18. skivtjerry

    skivtjerry Advocate (515) Vermont Mar 10, 2006

    The malt has already been kilned at anywhere from 120-220C depending on color. I think raw barley might be treated differently though. The main reason we dry our soils gently is that getting a moist soil sample too hot can cause some chemical cementation and mess up the original particle size distribution (we only do inorganic work).

    edit: Normally I'd quote Noonan in Brewing Lager Beer for a question like the OP's but my copy is loaned out.
    pweis909 likes this.
  19. Keyman

    Keyman Disciple (55) Dec 4, 2012

    Agreed, then why not just go to a beer store and buy your favorite IPA or Amber beer? My quest is homebrewing (From Scratch) Maling the barley is my first step next is growing my own hops. It's what I like to prove to myself...
  20. "It's what I like to prove to myself"

    Then by all means go for it...I'm content with just brewing my own beer and ocassionally buying a commercial one for a change of pace.

    Interesting that you should mention growing hops. I've got 11 different varieties growing in my backyard, but I don't see growing them as essential to brewing good beer (and there are too many factors working against me to turn me into a hop farmer) Cheers and good luck.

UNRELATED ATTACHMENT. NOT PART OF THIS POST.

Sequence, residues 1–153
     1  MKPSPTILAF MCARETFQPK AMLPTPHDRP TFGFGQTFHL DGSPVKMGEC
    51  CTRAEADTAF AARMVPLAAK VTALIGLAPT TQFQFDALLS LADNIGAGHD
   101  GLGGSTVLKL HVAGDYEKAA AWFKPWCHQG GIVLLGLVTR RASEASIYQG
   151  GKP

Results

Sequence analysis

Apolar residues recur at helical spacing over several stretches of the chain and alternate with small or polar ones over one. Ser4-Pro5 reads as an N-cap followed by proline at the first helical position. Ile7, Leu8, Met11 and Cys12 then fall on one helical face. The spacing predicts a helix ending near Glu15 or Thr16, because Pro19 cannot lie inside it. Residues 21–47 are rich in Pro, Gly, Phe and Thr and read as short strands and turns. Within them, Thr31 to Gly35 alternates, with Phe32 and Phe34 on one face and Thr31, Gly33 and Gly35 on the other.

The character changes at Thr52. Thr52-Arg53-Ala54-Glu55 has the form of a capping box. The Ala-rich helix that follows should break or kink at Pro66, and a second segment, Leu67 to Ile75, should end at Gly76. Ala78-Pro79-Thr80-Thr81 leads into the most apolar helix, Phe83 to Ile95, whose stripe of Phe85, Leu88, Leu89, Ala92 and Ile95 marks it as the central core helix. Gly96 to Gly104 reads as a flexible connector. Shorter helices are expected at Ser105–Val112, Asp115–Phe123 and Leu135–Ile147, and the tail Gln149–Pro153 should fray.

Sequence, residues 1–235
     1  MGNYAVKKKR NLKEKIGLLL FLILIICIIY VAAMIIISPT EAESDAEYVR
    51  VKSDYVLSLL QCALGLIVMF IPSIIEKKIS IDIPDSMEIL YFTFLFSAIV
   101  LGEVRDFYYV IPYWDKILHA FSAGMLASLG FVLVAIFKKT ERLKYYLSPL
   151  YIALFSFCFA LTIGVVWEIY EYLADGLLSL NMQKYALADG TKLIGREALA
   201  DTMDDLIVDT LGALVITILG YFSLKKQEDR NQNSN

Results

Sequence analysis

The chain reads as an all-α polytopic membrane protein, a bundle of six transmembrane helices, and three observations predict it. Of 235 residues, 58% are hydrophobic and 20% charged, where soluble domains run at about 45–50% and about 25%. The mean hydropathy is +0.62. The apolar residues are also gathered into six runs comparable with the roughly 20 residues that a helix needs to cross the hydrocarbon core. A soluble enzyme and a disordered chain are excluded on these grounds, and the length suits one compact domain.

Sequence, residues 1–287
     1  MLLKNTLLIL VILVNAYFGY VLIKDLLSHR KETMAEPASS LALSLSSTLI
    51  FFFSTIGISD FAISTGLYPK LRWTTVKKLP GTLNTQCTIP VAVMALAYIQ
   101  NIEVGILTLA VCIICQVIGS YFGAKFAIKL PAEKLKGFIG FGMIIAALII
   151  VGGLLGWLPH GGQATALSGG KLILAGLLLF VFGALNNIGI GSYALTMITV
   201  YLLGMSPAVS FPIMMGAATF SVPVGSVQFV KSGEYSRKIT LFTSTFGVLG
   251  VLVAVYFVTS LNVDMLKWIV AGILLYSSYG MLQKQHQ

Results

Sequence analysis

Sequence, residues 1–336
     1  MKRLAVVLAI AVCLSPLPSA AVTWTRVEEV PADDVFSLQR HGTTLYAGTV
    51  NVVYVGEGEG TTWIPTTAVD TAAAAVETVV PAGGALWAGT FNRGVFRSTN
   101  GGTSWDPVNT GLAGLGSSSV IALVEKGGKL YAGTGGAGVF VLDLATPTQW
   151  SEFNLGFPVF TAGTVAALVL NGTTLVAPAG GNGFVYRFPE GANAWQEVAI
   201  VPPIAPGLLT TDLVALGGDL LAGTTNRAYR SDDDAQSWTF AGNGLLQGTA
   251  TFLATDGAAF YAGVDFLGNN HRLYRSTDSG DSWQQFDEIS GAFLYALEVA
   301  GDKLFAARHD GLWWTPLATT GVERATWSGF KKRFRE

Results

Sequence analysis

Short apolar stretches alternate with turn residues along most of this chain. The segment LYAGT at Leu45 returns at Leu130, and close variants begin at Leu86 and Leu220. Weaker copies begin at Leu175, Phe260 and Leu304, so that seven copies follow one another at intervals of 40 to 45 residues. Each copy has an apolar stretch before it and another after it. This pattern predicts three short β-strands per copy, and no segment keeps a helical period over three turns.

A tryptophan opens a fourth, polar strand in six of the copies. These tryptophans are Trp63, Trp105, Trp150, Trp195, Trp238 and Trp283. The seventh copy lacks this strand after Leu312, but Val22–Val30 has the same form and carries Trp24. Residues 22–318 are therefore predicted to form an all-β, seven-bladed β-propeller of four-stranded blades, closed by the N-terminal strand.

21. Lots of home brewers grow their own hops. Interesting that you chose that as your second step, after malting barley. I hear you WRT doing things from scratch. Most of us have a bit of that, or we wouldn't be brewing beer. We all draw the lines at different places, though. Taken to extremes, you might compost your own soil to grow the barley, build a tractor to work the field, and refine your own oil to run the tractor. You might think that's overkill just like somebody else might think malting barley is overkill. Just like somebody else might think brewing beer is overkill -- the same person who mills his own wheat to make homemade bread.
  22. Keyman

    Keyman Disciple (55) Dec 4, 2012

    I may not go to that extreme when brewing but I will stop after making my own malt and growing hops. If it doesn't work for me then I will go back to buying my malt, hops, & yeast's. I also enjoy cutting my own meats and making sausage, jerky, & other cuts. Sure I can buy it from the butcher but it is what I like to do. Great conversation with you. Since I started this thread I finally got about 8 pounds of barley malted and roasted 2 pounds of that to a vienna or Munich style. Now I will just have to brew a batch.